Telemedicine is the big health care game changer to emerge from the coronavirus pandemic, say experts

·4-min read

Telemedicine, in which a doctor’s appointment happens over phone or video, could be the health care game changer to emerge from the Covid-19 pandemic. But a perfect marriage with offline services is needed to make the system work efficiently, say experts in the health care industry.

“Due to Covid-19, people have noticed that a lot of things could be done online. But health care is unique. There is still a large portion of services needed to be done offline,” said Jeff Chen, chief innovation officer of Fullerton Healthcare Corporation.

“When we talk about online health care, we never talk about purely online health care. We are talking about how to leverage online services to make the whole health care service better.”

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Fullerton is an online platform founded nine years ago in Singapore that provides health care facilities across nine markets in Asia-Pacific.

Chen was speaking in a webinar on a new blueprint for health care systems, co-presented by the South China Morning Post and the Milken Institute Asia Centre on July 30.

When there is more advanced hardware, the proportion of online services will increase, said Chen. Rearranging a consultation after seeing a doctor in person, seeking a second opinion, and getting referrals are all functions that can be efficiently delivered through telemedicine, he said.

In May, his company launched a free Artificial Intelligence (AI)-enabled Covid-19 symptom checker and an in-app chat function that allows users to interact with Fullerton’s team members about their coronavirus-related concerns. The services were launched in Singapore, the Philippines, Indonesia and Malaysia.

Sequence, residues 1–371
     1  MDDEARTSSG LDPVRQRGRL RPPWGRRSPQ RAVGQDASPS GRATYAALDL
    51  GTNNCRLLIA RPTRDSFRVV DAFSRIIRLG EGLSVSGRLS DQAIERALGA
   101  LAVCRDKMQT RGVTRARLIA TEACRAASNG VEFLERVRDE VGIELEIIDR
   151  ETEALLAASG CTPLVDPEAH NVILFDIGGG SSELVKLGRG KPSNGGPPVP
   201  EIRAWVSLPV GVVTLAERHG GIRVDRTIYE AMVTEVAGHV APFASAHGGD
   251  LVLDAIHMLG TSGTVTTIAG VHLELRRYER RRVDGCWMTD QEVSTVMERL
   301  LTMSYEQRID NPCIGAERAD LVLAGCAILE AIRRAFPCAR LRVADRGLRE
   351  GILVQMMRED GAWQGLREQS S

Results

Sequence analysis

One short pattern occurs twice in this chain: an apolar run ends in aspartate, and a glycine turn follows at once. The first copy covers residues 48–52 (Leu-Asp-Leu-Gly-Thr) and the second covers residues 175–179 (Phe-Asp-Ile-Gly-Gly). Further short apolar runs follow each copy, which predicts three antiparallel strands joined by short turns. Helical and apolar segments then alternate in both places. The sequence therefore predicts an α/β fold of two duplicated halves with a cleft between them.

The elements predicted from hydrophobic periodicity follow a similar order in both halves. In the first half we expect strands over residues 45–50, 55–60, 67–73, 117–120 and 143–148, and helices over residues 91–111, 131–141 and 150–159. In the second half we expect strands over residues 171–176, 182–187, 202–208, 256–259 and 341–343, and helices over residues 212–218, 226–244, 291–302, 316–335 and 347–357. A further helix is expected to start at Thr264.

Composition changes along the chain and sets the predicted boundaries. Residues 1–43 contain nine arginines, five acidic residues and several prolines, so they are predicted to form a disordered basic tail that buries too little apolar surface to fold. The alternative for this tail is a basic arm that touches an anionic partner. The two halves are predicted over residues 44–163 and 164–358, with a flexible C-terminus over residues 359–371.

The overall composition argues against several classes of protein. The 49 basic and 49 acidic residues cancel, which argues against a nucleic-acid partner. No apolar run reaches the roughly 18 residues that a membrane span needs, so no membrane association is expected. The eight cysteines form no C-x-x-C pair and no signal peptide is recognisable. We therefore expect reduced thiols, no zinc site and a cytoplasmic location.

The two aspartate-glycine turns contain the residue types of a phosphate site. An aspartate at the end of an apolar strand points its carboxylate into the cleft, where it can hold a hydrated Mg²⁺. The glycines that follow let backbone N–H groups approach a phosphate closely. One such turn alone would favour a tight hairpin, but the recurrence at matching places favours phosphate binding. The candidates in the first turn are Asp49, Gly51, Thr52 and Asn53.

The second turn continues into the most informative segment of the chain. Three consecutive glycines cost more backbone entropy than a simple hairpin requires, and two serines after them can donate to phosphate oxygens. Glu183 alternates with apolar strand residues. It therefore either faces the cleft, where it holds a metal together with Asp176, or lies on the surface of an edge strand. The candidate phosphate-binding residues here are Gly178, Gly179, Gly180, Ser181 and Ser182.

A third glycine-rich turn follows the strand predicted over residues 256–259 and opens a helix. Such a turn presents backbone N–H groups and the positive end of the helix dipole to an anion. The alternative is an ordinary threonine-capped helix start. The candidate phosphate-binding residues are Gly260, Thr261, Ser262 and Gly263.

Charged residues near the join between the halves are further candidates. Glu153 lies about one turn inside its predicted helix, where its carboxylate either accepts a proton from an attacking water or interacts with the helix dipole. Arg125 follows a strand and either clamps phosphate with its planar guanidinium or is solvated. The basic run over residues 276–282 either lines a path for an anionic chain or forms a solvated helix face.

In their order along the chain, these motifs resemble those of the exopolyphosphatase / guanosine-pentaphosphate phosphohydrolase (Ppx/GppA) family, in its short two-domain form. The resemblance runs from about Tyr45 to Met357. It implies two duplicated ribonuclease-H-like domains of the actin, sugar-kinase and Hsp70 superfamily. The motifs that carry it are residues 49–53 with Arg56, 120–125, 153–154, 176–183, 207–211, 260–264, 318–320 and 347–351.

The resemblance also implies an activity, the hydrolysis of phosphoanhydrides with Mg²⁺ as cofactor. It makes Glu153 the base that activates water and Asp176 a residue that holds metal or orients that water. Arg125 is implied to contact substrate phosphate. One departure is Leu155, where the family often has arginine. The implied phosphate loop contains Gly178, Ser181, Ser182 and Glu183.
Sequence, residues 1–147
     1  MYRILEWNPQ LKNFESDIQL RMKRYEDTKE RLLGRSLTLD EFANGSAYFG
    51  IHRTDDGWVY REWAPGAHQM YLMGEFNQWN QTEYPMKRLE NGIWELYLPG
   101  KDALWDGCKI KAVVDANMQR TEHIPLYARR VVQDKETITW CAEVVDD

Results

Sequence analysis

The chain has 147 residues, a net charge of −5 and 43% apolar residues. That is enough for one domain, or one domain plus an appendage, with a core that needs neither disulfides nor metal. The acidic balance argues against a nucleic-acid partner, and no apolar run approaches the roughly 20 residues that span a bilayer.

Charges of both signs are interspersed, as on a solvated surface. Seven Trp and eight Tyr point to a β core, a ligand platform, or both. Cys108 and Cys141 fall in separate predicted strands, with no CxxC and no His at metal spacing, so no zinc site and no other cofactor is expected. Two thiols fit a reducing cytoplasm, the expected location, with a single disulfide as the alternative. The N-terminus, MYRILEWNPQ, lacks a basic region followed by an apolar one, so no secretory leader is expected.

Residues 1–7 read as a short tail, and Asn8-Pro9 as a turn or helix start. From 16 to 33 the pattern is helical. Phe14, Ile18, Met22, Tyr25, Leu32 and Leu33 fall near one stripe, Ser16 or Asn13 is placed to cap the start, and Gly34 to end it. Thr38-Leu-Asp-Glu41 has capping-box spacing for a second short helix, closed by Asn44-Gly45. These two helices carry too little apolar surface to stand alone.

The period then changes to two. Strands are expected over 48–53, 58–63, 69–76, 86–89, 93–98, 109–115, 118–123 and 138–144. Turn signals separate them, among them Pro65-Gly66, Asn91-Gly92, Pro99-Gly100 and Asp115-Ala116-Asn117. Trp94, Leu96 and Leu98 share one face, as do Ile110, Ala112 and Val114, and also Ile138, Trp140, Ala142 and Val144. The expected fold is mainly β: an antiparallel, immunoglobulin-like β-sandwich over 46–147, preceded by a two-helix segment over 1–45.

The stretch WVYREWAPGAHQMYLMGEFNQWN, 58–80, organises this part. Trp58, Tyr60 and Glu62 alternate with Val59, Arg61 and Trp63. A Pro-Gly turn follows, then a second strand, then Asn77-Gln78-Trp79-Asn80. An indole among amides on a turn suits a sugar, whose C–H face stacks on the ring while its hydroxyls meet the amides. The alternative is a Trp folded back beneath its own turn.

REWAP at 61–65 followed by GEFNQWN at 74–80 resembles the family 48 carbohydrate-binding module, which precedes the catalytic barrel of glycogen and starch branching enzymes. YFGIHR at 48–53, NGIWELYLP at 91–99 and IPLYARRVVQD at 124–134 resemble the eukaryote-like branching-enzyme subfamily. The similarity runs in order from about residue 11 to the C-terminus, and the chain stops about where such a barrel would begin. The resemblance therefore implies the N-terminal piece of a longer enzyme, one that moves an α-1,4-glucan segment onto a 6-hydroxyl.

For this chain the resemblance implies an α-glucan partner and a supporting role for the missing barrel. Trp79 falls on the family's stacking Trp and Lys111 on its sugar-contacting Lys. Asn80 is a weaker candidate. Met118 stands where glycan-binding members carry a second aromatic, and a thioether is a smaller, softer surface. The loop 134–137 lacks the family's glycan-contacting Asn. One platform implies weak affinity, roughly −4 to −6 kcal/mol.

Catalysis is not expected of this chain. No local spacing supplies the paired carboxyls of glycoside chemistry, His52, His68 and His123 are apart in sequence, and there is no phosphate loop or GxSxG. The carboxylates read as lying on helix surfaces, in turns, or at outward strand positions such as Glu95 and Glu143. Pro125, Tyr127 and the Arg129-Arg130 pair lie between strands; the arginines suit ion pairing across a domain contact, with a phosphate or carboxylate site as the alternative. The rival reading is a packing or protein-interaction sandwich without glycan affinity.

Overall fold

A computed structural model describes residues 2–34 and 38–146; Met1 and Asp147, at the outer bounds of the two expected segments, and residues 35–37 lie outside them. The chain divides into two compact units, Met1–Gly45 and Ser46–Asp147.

In the future, health care systems are expected to adjust the way they evaluate and care for patients, increasingly using methods that do not rely on in-person encounters. Digital health can play a role in providing the care patients need while minimising the transmission risk of infectious diseases like Covid-19, according to panellists on the webinar.

“Digital health is a good alternative during challenging times when a physical encounter is difficult or hazardous,” said Dr Donald Li Kwok-tung, president of the World Organisation of Family Doctors, also a senior adviser to Ping An Good Doctor, a mainland Chinese online health care platform.

Li said Ping An Good Doctor has been shifting from a family doctor concept to promoting prevention, early diagnosis, and continuous long-term care.

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“But we need back-up services with clinics. Online and offline cooperation is very important,” he said.

The importance of the online platform is that they are able to “ensure all patients get access to health care, including those not related to Covid-19 cases”, said Roberta Lipson, the chief executive of New Frontier Health, which owns United Family Healthcare (UFH), a private operator in China worth US$1.4 billion.

Her company has extended online services to include free consultations during the Covid 19 pandemic.

With data searches carried out by AI, consumers and patients can make better decisions about their health and the care they receive, and the costs will be brought down, said Grace Park, co-founder of DocDoc, a Singapore-based virtual network of physicians and hospitals helping patients to find medical care in Asia.

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